Wanted: A road map to economic growth
Mary, Mary, quite contrary, how does your garden grow?
Economic growth refers to an economy increasing its production of goods and services over time. It is desirable as the material basis of making citizens better off. Economic growth may,
however, benefit a minority rather than the majority of the population.
Economic growth depends on increasing a country's productive capacity and its effective utilisation. Productive capacity is defined by the stock and quality of human and physical capital, technological innovation and adaptation, implementation capacity and a supportive institutional framework.
Economic growth in Jamaica has averaged about one per cent per year over the last 40 years. Fostering much stronger economic growth is broadly accepted as a national priority. The end of Jamaica's last period of sustained economic growth is (from the late 1950s to 1973) after a period of continued foreign investment in bauxite/alumina. Subsequent weak growth was accompanied by loss of preferential external market access and domestic market protection, fiscal deficits, financial crisis and public debt accumulation, inefficient public institutions, declining productivity, crime, social deprivation and dislocation, and progressive environmental degradation.
Possible reasons for stymied growth
Jamaica has enjoyed strong investment in infrastructure and hotels in the new millennium. That this has not stimulated stronger economic growth has elicited efforts to explain Jamaica's 'high investment/low growth puzzle'. Among the explanations offered have been low domestic value added with weak linkages to agriculture and manufacturing, inefficient public-sector investment, uneven access to credit and technical support, uncompetitive electricity costs and social dislocation.
In fostering stronger economic growth, what do we find instructive from our present and past? The following are worthy of consideration:
a) Economic growth in Jamaica has historically been driven by foreign investment. While this may be unavoidable for a small economy in a globalised world, there is potential for increasing sustainability if domestic capital plays an increasingly dynamic role.
b) Jamaica needs to accelerate the reversal of social neglect in educational opportunities, access to quality health care, living conditions and financial inclusion. This will build productivity and internal dynamism as well as increase attractiveness to both domestic and foreign investment.
c) Jamaica needs to facilitate industries with higher local value added, non-traditional producers with export potential, and to build deeper linkages with highly capitalised export-oriented industries.
d) Jamaica must maintain its pursuit of fiscal consolidation and public-sector efficiency and institutional reform.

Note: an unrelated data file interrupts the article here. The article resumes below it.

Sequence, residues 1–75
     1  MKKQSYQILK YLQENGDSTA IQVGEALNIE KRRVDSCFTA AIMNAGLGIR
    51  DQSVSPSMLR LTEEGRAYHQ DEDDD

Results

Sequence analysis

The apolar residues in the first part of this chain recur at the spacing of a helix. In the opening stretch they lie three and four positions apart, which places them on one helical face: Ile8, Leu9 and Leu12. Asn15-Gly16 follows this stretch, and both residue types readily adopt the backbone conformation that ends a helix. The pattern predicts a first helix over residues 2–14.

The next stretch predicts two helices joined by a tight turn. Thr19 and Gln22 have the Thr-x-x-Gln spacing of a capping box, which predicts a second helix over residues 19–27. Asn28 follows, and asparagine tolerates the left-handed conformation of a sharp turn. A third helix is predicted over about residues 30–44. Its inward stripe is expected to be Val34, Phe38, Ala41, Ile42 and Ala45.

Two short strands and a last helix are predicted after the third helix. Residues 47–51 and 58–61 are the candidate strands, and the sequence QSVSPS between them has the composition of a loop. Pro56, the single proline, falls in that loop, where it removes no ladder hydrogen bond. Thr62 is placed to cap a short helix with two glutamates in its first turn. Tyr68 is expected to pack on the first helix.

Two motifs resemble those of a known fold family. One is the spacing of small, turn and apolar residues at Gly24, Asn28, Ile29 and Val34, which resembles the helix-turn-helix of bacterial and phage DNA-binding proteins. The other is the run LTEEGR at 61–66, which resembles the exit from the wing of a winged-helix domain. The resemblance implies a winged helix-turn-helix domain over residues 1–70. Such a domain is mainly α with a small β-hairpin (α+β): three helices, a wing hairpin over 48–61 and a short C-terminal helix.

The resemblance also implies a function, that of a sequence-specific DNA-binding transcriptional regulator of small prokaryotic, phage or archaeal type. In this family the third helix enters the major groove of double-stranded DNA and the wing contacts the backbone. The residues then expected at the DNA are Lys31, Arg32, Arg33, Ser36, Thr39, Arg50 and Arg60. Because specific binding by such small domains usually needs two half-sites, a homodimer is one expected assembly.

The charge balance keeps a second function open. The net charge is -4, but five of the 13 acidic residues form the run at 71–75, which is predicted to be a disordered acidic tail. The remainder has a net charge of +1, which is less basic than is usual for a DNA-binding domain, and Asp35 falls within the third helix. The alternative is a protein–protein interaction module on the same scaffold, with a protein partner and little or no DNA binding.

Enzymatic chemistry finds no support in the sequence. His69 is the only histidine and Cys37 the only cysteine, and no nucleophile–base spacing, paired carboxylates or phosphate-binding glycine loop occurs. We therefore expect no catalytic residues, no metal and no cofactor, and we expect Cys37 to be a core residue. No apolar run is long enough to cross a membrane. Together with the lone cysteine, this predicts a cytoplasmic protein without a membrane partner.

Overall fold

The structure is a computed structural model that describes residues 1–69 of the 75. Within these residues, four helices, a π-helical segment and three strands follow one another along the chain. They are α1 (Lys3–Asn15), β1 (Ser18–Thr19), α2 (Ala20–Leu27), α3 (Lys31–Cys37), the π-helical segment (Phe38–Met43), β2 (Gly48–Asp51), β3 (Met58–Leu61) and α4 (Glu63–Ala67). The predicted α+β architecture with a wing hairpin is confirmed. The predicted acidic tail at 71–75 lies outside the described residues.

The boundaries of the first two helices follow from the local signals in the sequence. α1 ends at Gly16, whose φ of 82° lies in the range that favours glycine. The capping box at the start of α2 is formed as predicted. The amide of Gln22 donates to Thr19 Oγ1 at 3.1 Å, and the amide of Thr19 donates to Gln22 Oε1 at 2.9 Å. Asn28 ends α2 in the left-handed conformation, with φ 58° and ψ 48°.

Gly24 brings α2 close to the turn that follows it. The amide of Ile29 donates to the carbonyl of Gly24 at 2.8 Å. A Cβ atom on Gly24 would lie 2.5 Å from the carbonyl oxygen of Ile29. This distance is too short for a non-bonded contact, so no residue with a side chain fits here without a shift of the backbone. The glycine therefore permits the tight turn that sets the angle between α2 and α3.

e) Financial regulation is challenged to balance the maintenance of financial soundness with the quality of intermediation in support of economic growth. Within a financial structure that is dominated by a few large players, competition policy may not be effective, but dialogue on persistence of large differences between deposit and lending rates and on banking research on lending to new sectors is indicated.
f) Coral reef destruction and beach erosion, solid waste disposal and flooding, soil
erosion and housing and industry encroaching on agricultural lands underline the imperative for environmental sustainability for long-term development.
Tracking growth is supportive of transparency and, ultimately, helping policymakers to remain focused on meeting their objectives. This, however, raises the issue of what we track and what we seek answers for.
Identifying growth targets
There is an obvious need to identify Government's growth targets. 'Five in four' means that Jamaica is expected to achieve growth of five per cent by year four from where we are now in year one. The formal status of the target is unclear, but it is assumed to have governmental endorsement at the highest level.
A journey to a destination requires transportation and a road map (route and landmarks). Tracking growth needs a specification of at least annual growth targets towards the final objective. These interim targets then require a consistent articulation of expected investment, production and export, both in total and by industry i.e., where the growth is expected to come from.
Beyond this monitoring of economic variables against sequential targets at aggregate and industry levels, there is an imperative to understand and monitor against Government's objectives in economic, social and institutional policy and reform. There is documentation of diverse commitments in agreements with international lending and grant funding institutions. Tracking growth now demands a sharp and focused articulation of interim and enabling policies and targets towards 'five in four'.
Colin F. Bullock is an economist and former director general of the Planning Institute of Jamaica.